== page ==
Let me turn then to the final remaining flaw that I think is inherent in your logic, which I think of considerable importance. You state that all flows into and out of a state should be considered in any analysis of tax loss to developing countries as a result of transfer mispricing. I, in principle, agree. That would be desirable. But I wholeheartedly disagree with your contention that to measure flows in only one direction will lead to overstatement of the tax losses arising from any analysis. That is not possible. Let me explain why I think the only risk that arises is that a one direction analysis will understate the value of tax lost to developing countries.
Firstly, there is little or no evidence of inward flows to developing countries resulting in the reporting of significant taxable profits. If there were inward profit flows then there is very clear evidence that this would only arise because there was no chance of a corporate profits tax arising upon them as a result e.g. due to tax holidays or excess allowances. In that case there would be no tax gain in the developing country, albeit there might be tax loss elsewhere. As such your first assumption, that inward flows would create revenues that will negate outward flow losses would seem to be wrong: the incentives for each differ because the tax treatment for each differ and therefore it is completely incorrect to assume each might or would give rise to equal and opposite tax impacts.
Second, what evidence there is for the underpricing of inward flows suggests that these arise to avoid or evade duties, tariffs and other charges arising on import and not to secure corporate tax advantages, for reasons noted above. These import tax abuses are not taken into account in any estimate Baker, Christian Aid, Pak et al have made. In that sense those authors underestimate the lost taxes. It is important to note though that such evasion of import tariffs would not rationally arise if it gave rise to overall increase in tax liability i.e. the tariff saving must always be more than any additional tax due on additional corporate profits, if any. Therefore, again, the existence of inward flows does not suggest that losses might be lower than estimated; it would suggest that they are more than estimated.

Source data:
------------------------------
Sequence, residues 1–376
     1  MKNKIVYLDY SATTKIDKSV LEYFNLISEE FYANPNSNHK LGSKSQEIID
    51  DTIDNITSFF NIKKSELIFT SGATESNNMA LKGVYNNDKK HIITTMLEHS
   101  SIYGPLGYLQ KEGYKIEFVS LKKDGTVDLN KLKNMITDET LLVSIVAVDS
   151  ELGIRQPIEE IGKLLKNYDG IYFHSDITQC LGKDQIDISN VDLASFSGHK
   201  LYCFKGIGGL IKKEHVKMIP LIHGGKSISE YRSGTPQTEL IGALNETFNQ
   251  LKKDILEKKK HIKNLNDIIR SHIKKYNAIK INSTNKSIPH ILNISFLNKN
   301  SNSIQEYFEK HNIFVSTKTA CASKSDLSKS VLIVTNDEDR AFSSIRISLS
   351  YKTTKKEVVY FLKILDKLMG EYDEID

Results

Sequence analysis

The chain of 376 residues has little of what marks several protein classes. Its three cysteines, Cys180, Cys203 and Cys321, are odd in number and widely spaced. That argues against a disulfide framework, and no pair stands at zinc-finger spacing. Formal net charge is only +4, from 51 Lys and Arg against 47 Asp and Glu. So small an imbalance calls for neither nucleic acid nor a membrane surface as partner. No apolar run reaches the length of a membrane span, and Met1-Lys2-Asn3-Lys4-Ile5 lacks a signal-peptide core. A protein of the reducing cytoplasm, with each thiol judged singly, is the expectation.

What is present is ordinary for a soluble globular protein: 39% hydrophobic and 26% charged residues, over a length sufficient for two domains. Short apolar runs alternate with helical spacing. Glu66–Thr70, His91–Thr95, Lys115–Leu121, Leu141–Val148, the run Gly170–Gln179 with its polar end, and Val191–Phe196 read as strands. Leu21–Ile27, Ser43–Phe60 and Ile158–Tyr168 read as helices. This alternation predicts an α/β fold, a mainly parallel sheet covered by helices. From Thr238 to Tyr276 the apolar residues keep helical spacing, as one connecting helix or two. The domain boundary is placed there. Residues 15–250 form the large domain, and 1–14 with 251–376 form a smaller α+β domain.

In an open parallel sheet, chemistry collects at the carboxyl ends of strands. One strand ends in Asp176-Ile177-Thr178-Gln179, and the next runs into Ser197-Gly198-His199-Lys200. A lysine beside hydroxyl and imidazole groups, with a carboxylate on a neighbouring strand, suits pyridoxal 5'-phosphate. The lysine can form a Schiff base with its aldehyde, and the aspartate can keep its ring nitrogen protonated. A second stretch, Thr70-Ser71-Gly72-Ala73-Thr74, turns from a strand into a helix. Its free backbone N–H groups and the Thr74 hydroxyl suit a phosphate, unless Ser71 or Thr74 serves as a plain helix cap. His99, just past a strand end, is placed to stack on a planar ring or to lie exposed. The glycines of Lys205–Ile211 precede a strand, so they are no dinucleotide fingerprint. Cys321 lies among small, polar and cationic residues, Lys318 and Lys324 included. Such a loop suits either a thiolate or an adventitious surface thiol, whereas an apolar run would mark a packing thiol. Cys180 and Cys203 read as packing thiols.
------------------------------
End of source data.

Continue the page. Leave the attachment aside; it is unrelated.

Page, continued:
Thirdly, you seem to assume that transfer mispricing inward takes place on the same trade as the transfer mispricing outward. You therefore imply there is a net offset available between the two. Firstly I suggest that the existence of inward and outward mispricing in developing counties on the same trade is very unlikely because there is no evidence of developing counties being used, unlike tax havens, for repricing of goods and services in vertical supply chains. In other words, there would appear to be little or no chance that any inward transfer mispricing can be netted off against outward transfer mispricing for tax purposes. Second, even if in economic terms you believe that this offset might be reasonable– assuming if, and only if, they arose on the same trade, the reality is that this is not how the two errors would be treated by tax authorities. Those authorities can treat the two transactions as entirely independent variables i.e. they are perfectly entitled to pursue an underpayment arising as a result of transfer mispricing outward even if the goods exported had mispriced inwards. In other words, the two errors are wholly independent of each other, net off is not possible, and correction can be made in both cases, to upward lift the sale price to collect additional taxes on profit and upward lift the inward price to correctly collect taxes on import but without allowing any resulting adjustment for the purposes of taxing profits. Your contention appears to ignore this reality. The result is that that your claim that netting off takes place is, in my opinion, wrong: the errors are additive, not subtractive and accordingly the point you make only serves to indicate the conservative nature of the calculated loss to developing counties inherent in my colleagues’ work.
Given these facts I am finding it very hard to find merit in the arguments you have presented, but look forward to hearing your further opinion on the observations I make.
To put it another way, it seems to me that here we have an economist writing about something about which he seems to know very little, and about which he formulates a series of assumptions to overcome a) the inherent weaknesses in his knowledge and b) the fact that reality does not accord with the world as he would like to see it, rather than the world as it is.
That is, of course, a good description of most economists. But let’s see what he has to say.
Interestingly, we are both in Washington on Monday at the same World Bank conference where we are both presenting papers. Should be fun.